Fayyad Reported Sidelined as a New Palestinian Political Era Emerges – Will Abbas Follow?

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Palestinian President Mahmoud Abbas, right, and Prime Minister Salam Fayyad, center, attend prayers for Eid al-Adha in the West Bank city of Ramallah, November 6, 2011. (Photo: Fadi Arouri / Xinhua / Zuma)

Once hailed by Western pundits as the technocrat-magician who would conjure a Palestinian state into being through irrepressible institutional competence, Salam Fayyad has been unceremoniously sidelined from his job as Palestinian Prime Minister according to a deal announced Tuesday — a sign of the collapse of the illusions projected onto him, and of the peace process itself. Fayyad’s ouster is expected to be a consequence of the reconciliation agreement between President Mahmoud Abbas’ Fatah movement and the Islamist Hamas organization, that is to be sealed in Cairo on Friday. The two organizations have reportedly agreed to, next May, hold the first Palestinian elections since the 2006 poll won by Hamas. Until then, a unity government will run the Palestinian Authority in the West Bank and Gaza, but Abbas has reportedly been forced to concede to Hamas’ demand that it not be headed by Fayyad.

Abbas had dragged his feet on the previous attempt at forming a unity government — shortly before he lodged his bid at the U.N. for recognition of Palestinian statehood, which appears to have failed to garner sufficient support in the Security Council — hoping to keep Fayyad in place because of the trust he enjoys among the Western donors on whom the Palestinian Authority remains heavily dependent.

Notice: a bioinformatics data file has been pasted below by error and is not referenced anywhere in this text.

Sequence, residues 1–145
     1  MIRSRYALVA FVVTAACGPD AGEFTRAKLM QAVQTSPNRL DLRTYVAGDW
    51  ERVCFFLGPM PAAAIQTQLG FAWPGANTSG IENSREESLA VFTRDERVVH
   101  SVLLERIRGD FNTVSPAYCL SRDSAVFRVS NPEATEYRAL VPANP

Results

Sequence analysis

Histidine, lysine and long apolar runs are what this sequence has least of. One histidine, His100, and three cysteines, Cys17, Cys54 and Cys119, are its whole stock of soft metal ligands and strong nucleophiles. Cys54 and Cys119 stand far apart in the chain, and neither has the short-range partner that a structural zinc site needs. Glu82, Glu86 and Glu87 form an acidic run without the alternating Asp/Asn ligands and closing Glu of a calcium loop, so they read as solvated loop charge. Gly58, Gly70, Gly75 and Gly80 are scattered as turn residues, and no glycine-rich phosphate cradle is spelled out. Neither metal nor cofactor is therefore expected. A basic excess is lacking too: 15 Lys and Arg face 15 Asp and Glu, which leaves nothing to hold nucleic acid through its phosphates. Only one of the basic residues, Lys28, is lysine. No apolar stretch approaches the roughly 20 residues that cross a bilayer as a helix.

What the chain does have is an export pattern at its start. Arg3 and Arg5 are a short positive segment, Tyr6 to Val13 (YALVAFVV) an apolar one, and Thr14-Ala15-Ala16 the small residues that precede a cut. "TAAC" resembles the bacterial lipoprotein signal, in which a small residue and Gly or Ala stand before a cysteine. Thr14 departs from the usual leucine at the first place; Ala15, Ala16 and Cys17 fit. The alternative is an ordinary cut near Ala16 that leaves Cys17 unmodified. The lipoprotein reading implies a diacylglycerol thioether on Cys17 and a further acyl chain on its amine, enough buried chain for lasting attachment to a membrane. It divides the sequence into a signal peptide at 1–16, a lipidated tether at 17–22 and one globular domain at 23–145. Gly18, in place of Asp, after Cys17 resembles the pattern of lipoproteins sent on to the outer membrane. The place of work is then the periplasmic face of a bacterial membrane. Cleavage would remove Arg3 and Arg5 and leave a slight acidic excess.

But with his U.N. bid going nowhere and no negotiation option that he takes seriously on offer, Abbas appears to have bowed to pressure from the Palestinian public for the reconciliation to go ahead — and that means letting Fayyad go, because Hamas refuses to accept him as Prime Minister. It’s not that Hamas doubts Fayyad’s administrative competence, or claims the job for one of its own on the ground that it won the last legislative election — the job is likely to go to a technocrat acceptable to both movements. But while Fayyad is certainly a technocrat and a member of neither Fatah nor Hamas, the latter views him as a stooge of the West, appointed at the behest of the Bush Administration as part of its U-turn on Palestinian democracy that followed Hamas’ 2006 election victory. Fayyad’s role was to  oversee the construction of an authoritarian West Bank administration capable of delivering on services and public safety, but also serving Israel’s security needs. Despite its impressive administrative performance, Fayyad’s tenure was predicated on the suppression of Palestinian democracy.

Democracy was no longer a concern of his Western boosters by the time Fayyad took office, and even the Israelis, welcomed the stability he brought to the situation on the West Bank and the limited economic growth he oversaw. Fayyad himself, let’s be clear, always insisted he was simply putting in place the infrastructure of Palestinian statehood, ensuring that the administrative capacity for sovereignty was in place to make the case for statehood incontrovertible. A kind of “If you build it, they will come” model — that left Gaza entirely out of the equation — although he always made clear that statehood would have to be delivered through negotiations, or by the international community; the transformation  could not be achieved under occupation.

But neither negotiations nor the intervention of the international community offers plausible hope for achieving statehood any time soon, and without a political agreement to end Israel’s occupation, the institutional capacity Fayyad has built remains, essentially, the administrative infrastructure of the status quo.